[wp-hackers] Code reviews for plugins?

Mike Schinkel mikeschinkel at newclarity.net
Mon Aug 23 04:01:39 UTC 2010

On Aug 22, 2010, at 11:28 PM, Eric Mann wrote:
> An objective list of criteria also makes it easier for new developers to
> start working on a plug-in.  My first attempt broke a lot of "rules"
> regarding database setup and access ... I'm ashamed to look back at how I
> allowed direct querying of the database via POST variables ... that's a huge
> security no-no.  I also never thought to clean up my options fields or extra
> database tables until someone actually complained about the extra "crap" I'd
> left all over their WordPress installation.  So a checklist that a)
> developers can build to and b) an objective 3rd party can verify would be
> hugely useful.

Exactly.  We need that to get that list of objective best practices.  Given that is seems StackExchange is a great way to surface good solutions I've added this question:

What are Objective Best Practices for Plugin Development?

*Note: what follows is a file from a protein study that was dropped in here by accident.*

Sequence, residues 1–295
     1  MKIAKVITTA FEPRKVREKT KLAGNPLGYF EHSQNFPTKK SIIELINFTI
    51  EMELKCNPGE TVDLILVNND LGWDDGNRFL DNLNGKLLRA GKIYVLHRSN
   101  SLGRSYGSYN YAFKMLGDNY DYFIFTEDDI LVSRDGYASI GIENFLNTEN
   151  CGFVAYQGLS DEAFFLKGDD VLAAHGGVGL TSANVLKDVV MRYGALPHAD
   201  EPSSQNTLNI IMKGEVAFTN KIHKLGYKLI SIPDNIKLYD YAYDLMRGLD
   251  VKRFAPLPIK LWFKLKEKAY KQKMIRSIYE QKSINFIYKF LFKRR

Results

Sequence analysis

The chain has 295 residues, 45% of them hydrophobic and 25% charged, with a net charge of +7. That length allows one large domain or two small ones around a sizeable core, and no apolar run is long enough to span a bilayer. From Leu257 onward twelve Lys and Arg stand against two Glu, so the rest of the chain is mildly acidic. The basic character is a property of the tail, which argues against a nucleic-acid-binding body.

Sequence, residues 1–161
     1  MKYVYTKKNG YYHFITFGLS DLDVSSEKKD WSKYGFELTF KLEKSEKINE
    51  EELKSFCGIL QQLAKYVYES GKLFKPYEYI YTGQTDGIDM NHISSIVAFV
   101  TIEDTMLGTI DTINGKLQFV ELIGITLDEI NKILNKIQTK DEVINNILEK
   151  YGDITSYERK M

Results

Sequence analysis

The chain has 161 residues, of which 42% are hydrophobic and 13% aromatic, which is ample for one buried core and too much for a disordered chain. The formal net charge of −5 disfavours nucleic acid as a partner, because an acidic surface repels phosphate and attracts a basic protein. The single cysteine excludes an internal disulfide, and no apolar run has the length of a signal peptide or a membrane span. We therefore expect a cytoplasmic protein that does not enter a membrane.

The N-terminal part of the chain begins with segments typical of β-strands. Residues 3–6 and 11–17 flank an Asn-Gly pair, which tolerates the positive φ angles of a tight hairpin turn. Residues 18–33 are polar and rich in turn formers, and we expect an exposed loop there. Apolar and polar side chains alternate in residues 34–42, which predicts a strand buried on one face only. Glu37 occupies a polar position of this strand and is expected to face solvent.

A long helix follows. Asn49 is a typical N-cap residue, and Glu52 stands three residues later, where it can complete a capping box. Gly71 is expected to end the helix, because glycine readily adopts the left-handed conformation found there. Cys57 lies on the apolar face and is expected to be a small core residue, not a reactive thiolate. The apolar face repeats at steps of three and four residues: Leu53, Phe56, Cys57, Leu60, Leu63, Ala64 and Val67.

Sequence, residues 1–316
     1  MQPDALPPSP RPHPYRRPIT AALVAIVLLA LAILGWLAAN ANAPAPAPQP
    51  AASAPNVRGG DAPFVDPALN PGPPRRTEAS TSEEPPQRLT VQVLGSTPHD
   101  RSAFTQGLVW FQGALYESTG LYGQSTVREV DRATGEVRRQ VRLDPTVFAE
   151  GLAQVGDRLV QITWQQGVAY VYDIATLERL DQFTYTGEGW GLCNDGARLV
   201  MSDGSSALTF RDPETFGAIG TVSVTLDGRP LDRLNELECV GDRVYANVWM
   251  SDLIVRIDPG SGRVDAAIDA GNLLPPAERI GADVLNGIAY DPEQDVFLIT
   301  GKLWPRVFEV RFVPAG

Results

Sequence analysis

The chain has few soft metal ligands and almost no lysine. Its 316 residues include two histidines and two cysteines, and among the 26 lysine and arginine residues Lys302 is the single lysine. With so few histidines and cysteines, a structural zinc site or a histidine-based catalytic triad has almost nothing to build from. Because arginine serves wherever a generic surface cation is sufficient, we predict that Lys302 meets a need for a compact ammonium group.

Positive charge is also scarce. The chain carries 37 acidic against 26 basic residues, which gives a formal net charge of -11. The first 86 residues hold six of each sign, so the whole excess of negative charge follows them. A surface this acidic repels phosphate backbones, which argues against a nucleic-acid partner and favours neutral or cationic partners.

Once we've got a good objective list we can then consider the next step; how do we get them reviewed?

On Aug 22, 2010, at 11:24 PM, Lynne Pope wrote:
> If enough people want to get involved and do this then it should, IMO, be
> encouraged. It's a huge task to undertake but with enough hands & eyes its
> not unachievable.

Many hands makes for light work. If we can get a system in place that encourages and rewards collaboration I think we can get the top 15% of plugins reviewed on an ongoing basis.  Maybe we could study StackExchange's reputation system and model something similar but that is optimized for supporting plugin reviews instead of just getting answers?

On Aug 22, 2010, at 11:49 PM, Mark E wrote:
> I'm seeing a big issue centered around delivering a false sense of security to numerous millions of innocent people.

The Centers for Disease Control in the USA gives people a sense of security but some people still catch diseases that kill them.  The answer isn't to get rid of the CDC, the answer is to constantly try to improve it and to let people know they also need to look out for themselves too; nothing is a panacea. Caveat Emptor! 


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